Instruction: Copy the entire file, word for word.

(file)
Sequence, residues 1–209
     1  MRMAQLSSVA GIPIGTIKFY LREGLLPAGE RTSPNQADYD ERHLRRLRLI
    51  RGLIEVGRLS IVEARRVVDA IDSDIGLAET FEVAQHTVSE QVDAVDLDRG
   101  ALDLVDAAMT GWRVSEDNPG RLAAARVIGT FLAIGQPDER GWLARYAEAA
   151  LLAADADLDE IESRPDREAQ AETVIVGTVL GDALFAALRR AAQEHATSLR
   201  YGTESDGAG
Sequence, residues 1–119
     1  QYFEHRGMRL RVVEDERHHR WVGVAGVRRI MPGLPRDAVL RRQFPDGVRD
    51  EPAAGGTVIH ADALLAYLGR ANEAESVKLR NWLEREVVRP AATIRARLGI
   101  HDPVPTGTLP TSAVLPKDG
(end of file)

Sequence, residues 1–209
     1  MRMAQLSSVA GIPIGTIKFY LREGLLPAGE RTSPNQADYD ERHLRRLRLI
    51  RGLIEVGRLS IVEARRVVDA IDSDIGLAET FEVAQHTVSE QVDAVDLDRG
   101  ALDLVDAAMT GWRVSEDNPG RLAAARVIGT FLAIGQPDER GWLARYAEAA
   151  LLAADADLDE IESRPDREAQ AETVIVGTVL GDALFAALRR AAQEHATSLR
   201  YGTESDGAG
Sequence, residues 1–119
     1  QYFEHRGMRL RVVEDERHHR WVGVAGVRRI MPGLPRDAVL RRQFPDGVRD
    51  EPAAGGTVIH ADALLAYLGR ANEAESVKLR NWLEREVVRP AATIRARLGI
   101  HDPVPTGTLP TSAVLPKDG